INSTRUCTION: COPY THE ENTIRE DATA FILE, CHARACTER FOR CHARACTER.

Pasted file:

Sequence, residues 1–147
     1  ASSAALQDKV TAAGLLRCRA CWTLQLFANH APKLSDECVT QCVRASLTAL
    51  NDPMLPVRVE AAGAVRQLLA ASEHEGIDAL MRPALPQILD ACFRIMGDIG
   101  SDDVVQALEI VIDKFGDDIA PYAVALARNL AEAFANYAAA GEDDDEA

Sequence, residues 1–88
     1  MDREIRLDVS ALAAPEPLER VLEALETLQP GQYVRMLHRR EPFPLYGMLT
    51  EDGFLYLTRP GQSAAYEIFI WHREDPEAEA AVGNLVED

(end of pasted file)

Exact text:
Sequence, residues 1–147
     1  ASSAALQDKV TAAGLLRCRA CWTLQLFANH APKLSDECVT QCVRASLTAL
    51  NDPMLPVRVE AAGAVRQLLA ASEHEGIDAL MRPALPQILD ACFRIMGDIG
   101  SDDVVQALEI VIDKFGDDIA PYAVALARNL AEAFANYAAA GEDDDEA

Sequence, residues 1–88
     1  MDREIRLDVS ALAAPEPLER VLEALETLQP GQYVRMLHRR EPFPLYGMLT
    51  EDGFLYLTRP GQSAAYEIFI WHREDPEAEA AVGNLVED